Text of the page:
Lucretia Mott's Heresy: Abolition and Women's Rights in Nineteenth-Century America

By Carol Faulkner | Go to book overview

CHAPTER 11
Civil War

IN MARCH 1860, LUCRETIA HELPED HER DAUGHTER Elizabeth Cavender pack “sundry boxes & trunks” for her move from nearby Chelton Corner to a farm called Eddington. Lucretia wanted to have “as frequent intercourse as possible, while they are within reach.” Her worries about losing touch with Elizabeth were well founded. The Cavenders were so busy managing the farm and taking care of Thomas’s elderly mother that Lucretia and Elizabeth didn’t see each other for months. In addition, Lucretia was concerned about her daughter’s marriage. Always skeptical about Thomas Cavender’s interest in electoral politics, she also questioned his abilities as a husband and father. Once, mother and daughter arranged to meet at Edward Hopper’s home in the city to discuss Elizabeth’s marital “troubles.” 1

Even as Lucretia fretted about Elizabeth, current events dominated conversations in her parlor. In the aftermath of John Brown’s insurrection, the nation had become even more polarized. A rising Republican Party was attacking pro-slavery interests, but not fully embracing Mott’s egalitarian principles. In February 1860, Senator William Seward gave a speech calling for the admission of Kansas as a free state. Miller McKim, a pragmatist, praised the senator and recommended the speech. Mott was disappointed. Though she had agreed with Seward that the clash between slavery and freedom was an “Irrepressible Conflict,” she criticized him for disparaging blacks. She also chastised Seward for seeking to “allay, rather than foment the National excitement.” Mott repeated her criticism at the next monthly meeting of the Philadelphia Female Anti-Slavery Society, condemning the Senator for rejecting racial equality and suggesting that preserving the “union” was more important than abolishing slavery.2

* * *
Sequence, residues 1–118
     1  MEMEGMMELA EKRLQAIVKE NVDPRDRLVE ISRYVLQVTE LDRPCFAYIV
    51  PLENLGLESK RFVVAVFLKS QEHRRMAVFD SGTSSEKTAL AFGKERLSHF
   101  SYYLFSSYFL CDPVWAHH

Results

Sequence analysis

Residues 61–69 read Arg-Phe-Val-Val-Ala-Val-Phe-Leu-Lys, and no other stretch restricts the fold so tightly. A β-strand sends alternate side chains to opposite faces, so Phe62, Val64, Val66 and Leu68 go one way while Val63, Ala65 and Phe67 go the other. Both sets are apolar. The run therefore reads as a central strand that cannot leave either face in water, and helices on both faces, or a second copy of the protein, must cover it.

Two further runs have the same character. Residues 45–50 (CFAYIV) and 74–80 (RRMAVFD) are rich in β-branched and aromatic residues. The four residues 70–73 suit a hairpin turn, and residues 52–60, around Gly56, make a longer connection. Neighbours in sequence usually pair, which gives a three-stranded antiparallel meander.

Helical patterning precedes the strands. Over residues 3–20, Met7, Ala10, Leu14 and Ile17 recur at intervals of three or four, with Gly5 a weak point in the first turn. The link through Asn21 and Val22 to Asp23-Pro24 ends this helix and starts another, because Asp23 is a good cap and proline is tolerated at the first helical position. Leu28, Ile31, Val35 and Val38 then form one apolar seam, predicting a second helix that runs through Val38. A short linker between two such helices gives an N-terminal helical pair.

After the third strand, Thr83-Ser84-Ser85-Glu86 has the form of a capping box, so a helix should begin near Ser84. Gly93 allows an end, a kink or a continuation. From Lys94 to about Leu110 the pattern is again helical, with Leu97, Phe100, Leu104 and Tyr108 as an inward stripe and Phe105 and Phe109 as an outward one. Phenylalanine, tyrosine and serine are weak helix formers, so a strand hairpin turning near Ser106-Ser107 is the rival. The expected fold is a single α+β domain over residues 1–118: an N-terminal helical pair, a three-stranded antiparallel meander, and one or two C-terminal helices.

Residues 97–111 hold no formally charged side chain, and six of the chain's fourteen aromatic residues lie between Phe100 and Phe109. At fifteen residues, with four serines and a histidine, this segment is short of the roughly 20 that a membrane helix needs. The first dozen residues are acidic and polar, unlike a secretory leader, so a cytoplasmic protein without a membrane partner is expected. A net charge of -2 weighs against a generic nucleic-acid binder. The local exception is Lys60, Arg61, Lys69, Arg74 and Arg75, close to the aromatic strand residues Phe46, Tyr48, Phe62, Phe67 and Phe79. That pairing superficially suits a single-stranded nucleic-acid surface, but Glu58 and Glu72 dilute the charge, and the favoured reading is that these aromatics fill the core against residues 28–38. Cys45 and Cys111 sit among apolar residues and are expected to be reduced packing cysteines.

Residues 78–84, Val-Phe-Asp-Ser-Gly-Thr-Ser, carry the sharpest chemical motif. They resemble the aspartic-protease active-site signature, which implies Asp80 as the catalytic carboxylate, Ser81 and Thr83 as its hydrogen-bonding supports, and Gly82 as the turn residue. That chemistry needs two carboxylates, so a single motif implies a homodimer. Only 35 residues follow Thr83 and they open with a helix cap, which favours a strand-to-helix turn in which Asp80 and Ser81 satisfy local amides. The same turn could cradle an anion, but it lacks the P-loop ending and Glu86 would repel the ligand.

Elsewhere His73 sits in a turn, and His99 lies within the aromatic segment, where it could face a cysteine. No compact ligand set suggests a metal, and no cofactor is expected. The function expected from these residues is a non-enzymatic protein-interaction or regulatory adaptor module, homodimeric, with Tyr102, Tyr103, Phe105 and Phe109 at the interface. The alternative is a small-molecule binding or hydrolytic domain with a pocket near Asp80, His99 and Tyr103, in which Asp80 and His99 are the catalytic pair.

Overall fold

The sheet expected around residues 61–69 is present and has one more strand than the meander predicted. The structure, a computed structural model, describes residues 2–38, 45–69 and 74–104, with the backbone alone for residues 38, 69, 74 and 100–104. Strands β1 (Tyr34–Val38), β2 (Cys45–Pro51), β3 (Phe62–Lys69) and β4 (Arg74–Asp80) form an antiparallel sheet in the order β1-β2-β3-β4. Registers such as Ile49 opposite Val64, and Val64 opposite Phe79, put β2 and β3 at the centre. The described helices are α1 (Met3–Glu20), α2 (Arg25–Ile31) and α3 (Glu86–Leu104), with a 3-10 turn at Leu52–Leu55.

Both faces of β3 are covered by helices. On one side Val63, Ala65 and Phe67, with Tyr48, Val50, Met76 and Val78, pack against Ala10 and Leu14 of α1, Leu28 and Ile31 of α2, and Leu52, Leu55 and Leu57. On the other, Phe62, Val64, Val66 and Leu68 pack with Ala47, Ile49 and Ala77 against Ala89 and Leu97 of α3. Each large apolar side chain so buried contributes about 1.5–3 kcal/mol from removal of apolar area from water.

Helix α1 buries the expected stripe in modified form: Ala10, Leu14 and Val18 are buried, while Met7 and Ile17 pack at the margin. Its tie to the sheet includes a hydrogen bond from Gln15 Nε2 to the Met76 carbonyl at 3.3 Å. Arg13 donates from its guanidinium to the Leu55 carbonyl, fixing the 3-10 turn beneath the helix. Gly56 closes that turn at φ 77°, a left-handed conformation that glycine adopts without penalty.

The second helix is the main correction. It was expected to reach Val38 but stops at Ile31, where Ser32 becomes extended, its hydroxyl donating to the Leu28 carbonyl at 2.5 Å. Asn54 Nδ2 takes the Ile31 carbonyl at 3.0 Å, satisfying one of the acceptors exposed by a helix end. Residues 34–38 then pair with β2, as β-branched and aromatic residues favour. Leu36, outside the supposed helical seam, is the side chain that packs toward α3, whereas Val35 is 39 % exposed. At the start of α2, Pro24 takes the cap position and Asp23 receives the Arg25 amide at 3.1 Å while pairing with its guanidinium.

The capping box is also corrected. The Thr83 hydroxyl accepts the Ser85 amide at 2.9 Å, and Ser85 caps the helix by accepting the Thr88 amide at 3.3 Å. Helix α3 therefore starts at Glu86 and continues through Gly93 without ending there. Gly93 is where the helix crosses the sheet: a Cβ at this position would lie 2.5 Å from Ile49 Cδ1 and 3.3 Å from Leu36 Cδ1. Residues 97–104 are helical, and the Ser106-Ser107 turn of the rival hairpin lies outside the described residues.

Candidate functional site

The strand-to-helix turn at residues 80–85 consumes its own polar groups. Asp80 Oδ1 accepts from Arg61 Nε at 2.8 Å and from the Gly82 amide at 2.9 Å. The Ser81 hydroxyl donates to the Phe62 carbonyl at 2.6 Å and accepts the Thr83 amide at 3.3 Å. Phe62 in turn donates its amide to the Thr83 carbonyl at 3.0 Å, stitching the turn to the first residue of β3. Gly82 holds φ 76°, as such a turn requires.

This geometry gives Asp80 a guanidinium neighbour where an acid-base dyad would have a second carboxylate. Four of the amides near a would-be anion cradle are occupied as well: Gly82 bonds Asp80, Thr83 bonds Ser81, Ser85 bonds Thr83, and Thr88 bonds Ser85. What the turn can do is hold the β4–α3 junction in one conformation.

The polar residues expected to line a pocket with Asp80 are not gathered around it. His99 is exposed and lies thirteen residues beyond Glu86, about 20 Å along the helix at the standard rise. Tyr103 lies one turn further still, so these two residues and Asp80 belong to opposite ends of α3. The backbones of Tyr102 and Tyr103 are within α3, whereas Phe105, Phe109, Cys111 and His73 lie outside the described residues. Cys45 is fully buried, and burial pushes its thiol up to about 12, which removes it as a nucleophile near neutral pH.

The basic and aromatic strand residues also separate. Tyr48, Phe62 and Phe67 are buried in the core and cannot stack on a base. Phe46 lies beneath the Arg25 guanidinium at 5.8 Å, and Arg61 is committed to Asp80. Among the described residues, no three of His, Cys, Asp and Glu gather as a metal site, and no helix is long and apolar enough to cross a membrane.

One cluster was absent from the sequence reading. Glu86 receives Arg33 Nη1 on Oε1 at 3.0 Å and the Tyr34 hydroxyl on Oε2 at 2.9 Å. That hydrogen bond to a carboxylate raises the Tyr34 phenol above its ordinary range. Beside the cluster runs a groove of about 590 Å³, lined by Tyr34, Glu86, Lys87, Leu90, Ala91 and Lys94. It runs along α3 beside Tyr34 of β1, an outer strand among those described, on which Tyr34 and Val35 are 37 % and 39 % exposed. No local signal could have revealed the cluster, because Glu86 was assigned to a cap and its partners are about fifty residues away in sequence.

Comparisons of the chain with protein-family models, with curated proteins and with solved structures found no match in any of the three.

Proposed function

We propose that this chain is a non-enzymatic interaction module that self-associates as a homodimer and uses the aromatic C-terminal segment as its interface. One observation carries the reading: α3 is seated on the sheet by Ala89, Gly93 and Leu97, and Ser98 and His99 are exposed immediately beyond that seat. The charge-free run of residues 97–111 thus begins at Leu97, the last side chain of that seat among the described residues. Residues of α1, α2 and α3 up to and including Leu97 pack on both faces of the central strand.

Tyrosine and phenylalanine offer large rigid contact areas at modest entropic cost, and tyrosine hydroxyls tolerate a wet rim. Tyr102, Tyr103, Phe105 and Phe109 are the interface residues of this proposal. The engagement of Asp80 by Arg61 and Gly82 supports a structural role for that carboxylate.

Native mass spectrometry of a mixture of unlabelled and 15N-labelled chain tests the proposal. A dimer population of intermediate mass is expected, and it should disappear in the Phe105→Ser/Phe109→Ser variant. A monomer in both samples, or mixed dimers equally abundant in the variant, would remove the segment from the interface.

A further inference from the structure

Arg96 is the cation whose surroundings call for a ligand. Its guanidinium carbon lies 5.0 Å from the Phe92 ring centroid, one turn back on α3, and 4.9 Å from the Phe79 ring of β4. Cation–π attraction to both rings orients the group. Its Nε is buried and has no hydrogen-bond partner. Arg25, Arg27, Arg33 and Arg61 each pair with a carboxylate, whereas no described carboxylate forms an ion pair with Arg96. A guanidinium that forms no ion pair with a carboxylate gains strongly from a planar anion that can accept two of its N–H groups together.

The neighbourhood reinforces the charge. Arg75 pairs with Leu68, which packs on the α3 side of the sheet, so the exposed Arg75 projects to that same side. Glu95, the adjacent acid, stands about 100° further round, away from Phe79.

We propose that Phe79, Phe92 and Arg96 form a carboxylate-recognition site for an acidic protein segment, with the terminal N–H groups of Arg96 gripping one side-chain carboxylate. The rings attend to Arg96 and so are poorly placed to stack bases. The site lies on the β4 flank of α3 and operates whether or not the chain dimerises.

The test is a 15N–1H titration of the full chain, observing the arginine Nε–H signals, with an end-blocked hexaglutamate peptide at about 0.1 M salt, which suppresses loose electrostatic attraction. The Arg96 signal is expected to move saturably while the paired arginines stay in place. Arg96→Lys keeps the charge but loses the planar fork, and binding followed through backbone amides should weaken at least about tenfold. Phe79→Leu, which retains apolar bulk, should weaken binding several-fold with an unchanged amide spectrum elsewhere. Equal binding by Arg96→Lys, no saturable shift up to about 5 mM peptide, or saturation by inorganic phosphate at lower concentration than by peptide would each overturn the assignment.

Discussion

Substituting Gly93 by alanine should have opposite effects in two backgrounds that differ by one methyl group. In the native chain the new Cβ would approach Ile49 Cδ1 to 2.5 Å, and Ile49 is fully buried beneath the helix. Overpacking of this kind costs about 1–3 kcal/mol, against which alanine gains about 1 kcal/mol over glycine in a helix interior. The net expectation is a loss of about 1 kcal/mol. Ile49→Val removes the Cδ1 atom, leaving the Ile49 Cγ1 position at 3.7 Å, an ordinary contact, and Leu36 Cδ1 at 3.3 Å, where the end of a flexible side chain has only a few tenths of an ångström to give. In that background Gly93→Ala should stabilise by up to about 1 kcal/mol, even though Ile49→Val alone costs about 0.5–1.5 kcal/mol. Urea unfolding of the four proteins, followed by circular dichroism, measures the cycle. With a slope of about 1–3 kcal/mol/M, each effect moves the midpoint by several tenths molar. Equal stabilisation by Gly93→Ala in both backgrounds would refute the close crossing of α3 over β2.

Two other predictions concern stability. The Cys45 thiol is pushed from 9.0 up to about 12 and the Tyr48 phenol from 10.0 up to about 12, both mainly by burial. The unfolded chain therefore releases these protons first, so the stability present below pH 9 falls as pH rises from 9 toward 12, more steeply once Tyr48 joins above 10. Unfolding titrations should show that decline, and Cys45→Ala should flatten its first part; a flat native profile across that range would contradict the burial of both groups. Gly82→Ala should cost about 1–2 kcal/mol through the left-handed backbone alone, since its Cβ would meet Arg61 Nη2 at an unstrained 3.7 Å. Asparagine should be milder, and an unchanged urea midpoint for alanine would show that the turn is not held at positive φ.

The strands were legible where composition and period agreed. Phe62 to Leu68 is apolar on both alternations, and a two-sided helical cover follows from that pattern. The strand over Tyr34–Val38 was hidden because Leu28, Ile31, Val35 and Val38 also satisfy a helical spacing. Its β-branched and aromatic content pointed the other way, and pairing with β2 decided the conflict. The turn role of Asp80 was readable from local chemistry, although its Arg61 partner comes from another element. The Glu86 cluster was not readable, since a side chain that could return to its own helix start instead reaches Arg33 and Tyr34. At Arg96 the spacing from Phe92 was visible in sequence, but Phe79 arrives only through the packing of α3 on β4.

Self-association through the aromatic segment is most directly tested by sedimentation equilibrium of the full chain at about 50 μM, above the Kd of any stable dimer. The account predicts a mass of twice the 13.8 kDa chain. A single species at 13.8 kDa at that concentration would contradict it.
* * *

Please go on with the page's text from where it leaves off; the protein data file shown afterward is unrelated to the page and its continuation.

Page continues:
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Lucretia Mott's Heresy: Abolition and Women's Rights in Nineteenth-Century America
Table of contents

Table of contents

  • Title Page iii
  • Contents vii
  • Introduction- Heretic and Saint 1
  • Chapter 1- Nantucket 8
  • Chapter 2- Nine Partners 25
  • Chapter 3- Schism 41
  • Chapter 4- Immediate Abolition 60
  • Chapter 5- Pennsylvania Hall 75
  • Chapter 6- Abroad 87
  • Chapter 7- Crisis 109
  • Chapter 8- The Year 1848 127
  • Chapter 9- Conventions 148
  • Chapter 10- Fugitives 161
  • Chapter 11- Civil War 176
  • Chapter 12- Peace 197
  • Epilogue 213
  • Notes 219
  • Index 265
  • Acknowledgments 289
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